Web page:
Szeliga and Van Hollen are scheduled to debate Oct. 7 on ­WAMU-FM’s Kojo Nnamdi Show and Oct. 26 on WJZ-TV, the CBS affiliate in Baltimore. They are also scheduled to take part in an Oct. 8 forum hosted by the group African Americans in Howard County. ­Szeliga has criticized Van Hollen for not agreeing to more debates after joining Rep. Donna F. Edwards (D-Md.) for nine debates and forums during the spring’s Democratic primary.

An OpinionWorks poll last month showed that 55 percent of likely Maryland voters say they plan to cast their ballots for the congressman in the Nov. 8 election, compared with 26 percent for Szeliga.

“I don’t see much of a chance of Szeliga winning,” said John Bullock, an associate professor of political science at Towson University. “She’s resonating with some folks, but if you look at the lead Chris Van Hollen has, I think it’s insurmountable at this point.”

Melissa Deckman, chair of Washington College’s political science department, said Szeliga’s Senate run will enhance her credibility within the GOP and raise her profile statewide, regardless of the outcome.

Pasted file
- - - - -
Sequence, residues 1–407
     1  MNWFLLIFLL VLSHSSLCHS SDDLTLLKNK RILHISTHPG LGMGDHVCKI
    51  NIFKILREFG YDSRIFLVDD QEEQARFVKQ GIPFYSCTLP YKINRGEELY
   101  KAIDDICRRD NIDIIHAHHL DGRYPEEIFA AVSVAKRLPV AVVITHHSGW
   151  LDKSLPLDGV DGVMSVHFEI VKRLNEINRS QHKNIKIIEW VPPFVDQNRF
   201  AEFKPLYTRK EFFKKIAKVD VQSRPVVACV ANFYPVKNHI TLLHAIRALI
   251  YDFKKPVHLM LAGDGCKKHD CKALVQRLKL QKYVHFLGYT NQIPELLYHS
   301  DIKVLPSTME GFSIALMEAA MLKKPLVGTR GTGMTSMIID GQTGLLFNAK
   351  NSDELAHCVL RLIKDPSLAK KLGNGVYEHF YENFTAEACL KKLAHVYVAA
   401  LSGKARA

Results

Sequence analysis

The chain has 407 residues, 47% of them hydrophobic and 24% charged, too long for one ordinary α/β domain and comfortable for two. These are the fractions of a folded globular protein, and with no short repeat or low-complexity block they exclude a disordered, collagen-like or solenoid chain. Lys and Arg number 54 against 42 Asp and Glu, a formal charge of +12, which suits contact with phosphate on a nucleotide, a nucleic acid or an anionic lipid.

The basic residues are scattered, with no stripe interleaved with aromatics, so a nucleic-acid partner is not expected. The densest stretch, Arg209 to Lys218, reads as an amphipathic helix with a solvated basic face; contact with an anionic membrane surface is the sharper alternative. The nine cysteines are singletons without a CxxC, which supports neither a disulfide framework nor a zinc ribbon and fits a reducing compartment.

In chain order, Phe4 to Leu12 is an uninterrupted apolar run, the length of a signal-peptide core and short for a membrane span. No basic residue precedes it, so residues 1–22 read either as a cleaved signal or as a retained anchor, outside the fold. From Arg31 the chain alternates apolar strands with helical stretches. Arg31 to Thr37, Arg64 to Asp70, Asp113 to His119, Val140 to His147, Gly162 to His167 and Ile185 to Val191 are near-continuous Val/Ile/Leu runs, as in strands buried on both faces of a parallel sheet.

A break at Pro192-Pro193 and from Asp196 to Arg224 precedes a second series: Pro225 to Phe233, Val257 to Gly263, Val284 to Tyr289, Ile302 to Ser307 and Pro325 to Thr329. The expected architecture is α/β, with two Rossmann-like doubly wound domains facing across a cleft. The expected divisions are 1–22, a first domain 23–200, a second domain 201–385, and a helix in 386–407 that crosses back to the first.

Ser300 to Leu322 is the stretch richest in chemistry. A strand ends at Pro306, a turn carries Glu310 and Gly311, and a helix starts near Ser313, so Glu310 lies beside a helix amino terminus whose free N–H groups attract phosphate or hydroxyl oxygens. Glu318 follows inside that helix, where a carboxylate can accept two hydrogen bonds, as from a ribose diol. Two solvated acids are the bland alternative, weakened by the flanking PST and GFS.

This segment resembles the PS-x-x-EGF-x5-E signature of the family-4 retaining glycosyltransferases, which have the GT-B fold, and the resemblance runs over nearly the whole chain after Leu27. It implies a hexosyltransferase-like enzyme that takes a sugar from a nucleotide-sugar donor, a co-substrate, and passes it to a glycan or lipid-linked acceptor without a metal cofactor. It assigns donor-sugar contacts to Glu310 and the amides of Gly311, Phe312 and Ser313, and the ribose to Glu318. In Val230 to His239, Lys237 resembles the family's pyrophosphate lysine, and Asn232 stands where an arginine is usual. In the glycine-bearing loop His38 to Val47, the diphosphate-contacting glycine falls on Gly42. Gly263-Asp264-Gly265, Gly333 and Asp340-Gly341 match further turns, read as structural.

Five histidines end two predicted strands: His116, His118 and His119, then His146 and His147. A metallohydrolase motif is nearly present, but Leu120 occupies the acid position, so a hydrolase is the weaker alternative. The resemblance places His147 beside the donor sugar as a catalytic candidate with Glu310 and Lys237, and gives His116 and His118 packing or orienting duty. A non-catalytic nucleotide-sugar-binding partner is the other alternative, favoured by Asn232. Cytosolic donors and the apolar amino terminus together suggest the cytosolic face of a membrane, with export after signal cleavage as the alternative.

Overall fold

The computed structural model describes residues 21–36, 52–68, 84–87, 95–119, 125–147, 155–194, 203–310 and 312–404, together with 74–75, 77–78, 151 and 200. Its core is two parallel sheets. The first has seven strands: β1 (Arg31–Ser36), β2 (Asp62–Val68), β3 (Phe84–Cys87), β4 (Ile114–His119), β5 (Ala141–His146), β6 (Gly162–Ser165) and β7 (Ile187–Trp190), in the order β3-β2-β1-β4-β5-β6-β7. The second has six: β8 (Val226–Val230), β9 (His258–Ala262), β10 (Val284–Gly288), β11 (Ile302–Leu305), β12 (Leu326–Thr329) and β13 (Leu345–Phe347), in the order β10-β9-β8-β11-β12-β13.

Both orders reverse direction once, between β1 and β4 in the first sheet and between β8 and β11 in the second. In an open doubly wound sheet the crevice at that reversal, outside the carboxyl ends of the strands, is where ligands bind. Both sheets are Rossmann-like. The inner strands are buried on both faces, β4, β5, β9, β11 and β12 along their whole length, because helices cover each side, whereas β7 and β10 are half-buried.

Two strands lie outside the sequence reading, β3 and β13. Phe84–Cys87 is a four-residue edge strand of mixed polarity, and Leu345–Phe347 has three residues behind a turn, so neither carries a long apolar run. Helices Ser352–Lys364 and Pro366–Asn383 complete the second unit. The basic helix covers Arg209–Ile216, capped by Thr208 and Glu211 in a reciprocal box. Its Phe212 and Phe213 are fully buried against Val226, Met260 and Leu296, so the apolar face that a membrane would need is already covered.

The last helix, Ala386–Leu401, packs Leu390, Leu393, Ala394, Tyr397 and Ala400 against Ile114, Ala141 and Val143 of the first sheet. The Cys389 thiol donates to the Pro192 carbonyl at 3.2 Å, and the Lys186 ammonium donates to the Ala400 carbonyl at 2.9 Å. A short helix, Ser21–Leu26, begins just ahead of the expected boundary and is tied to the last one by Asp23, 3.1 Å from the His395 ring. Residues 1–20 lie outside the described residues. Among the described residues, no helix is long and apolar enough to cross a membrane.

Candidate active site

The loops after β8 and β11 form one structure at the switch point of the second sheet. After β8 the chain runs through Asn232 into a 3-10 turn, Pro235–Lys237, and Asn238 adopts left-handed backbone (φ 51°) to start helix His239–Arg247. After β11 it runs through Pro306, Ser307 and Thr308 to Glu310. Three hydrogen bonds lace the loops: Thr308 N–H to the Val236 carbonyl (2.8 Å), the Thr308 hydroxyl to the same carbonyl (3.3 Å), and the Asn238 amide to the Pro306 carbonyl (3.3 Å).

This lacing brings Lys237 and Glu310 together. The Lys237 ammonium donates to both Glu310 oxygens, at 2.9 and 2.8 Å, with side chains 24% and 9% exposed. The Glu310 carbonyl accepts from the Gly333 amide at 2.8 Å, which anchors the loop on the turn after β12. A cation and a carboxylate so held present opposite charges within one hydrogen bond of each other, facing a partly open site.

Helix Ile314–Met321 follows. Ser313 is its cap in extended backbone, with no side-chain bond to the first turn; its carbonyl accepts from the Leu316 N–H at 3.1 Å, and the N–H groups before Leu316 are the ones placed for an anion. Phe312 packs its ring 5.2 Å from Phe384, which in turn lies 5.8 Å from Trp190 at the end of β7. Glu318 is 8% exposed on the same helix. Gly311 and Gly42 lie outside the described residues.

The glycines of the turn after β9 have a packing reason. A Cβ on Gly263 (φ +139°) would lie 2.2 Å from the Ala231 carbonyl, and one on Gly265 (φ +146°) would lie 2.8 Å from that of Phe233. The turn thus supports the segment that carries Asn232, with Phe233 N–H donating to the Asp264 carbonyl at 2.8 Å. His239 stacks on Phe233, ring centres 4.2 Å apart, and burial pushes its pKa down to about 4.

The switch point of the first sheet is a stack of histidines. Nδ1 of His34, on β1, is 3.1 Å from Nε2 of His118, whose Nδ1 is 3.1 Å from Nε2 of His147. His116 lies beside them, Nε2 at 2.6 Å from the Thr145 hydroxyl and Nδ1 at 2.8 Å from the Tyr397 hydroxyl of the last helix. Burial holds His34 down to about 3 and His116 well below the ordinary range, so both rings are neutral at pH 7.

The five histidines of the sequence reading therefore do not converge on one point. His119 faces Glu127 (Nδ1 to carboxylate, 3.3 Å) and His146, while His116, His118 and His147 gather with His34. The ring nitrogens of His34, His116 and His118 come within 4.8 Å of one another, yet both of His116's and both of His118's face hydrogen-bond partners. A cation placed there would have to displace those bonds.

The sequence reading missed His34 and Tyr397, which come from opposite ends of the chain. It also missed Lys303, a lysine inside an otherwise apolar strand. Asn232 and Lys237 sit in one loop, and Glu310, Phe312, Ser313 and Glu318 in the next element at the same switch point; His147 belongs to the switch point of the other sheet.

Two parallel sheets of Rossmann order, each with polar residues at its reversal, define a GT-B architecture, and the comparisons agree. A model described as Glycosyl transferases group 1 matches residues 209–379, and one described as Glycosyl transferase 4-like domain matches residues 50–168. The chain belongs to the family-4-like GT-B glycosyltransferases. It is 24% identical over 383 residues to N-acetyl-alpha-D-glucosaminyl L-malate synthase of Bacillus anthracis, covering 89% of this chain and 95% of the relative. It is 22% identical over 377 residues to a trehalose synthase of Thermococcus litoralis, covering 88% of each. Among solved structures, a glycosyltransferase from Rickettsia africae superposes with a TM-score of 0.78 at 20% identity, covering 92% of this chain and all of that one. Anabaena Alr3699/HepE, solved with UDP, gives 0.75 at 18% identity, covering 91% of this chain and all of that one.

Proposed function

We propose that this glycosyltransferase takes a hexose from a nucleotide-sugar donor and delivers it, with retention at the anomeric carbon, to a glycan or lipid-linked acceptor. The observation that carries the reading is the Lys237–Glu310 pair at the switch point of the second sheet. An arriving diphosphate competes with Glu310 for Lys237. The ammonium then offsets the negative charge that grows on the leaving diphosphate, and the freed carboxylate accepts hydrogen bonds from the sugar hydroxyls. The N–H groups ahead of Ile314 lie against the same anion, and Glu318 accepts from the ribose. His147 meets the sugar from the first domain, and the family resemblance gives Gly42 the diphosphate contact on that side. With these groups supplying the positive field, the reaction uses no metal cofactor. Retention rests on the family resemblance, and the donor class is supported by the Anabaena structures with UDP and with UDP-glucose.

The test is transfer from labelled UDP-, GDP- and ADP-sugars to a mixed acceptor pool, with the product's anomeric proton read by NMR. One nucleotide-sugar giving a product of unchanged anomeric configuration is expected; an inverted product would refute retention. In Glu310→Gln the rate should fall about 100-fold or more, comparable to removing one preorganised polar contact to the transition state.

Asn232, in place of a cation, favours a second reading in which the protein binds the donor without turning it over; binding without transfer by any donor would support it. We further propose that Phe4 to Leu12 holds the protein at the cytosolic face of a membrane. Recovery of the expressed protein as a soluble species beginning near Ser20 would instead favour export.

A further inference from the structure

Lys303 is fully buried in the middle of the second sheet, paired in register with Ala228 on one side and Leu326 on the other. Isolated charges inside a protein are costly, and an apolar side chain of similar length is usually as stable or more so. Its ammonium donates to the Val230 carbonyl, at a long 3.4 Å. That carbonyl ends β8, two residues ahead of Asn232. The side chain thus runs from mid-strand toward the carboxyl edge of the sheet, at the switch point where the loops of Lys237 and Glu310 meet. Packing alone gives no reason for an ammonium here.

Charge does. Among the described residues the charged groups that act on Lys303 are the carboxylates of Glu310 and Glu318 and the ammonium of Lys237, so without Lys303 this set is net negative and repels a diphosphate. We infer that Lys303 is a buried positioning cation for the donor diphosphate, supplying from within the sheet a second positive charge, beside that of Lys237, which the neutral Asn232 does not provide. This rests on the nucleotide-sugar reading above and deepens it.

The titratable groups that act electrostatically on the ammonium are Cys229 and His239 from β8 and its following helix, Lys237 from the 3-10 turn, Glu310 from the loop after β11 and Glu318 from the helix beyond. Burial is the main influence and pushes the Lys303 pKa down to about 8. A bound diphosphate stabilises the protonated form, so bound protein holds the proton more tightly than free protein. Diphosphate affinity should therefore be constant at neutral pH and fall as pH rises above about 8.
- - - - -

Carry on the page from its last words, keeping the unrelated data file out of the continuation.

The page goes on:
“She’s popular in her district, she’s viewed as a dutiful soldier within her party, and I think the party will be grateful to her for that,” Deckman said. “If she wants to rise in the leadership ranks of the party, this will be helpful.”

Van Hollen says he is not taking anything for granted.

He and Szeliga have been crisscrossing the state to attend public events, shore up their bases and rack up endorsements.

Van Hollen’s campaign said it has recruited more than 3,000 volunteers and knocked on nearly 108,000 doors since the April primary. The congressman had collected nearly $8 million in campaign contributions by July, but he spent most of that money on his primary battle against Edwards.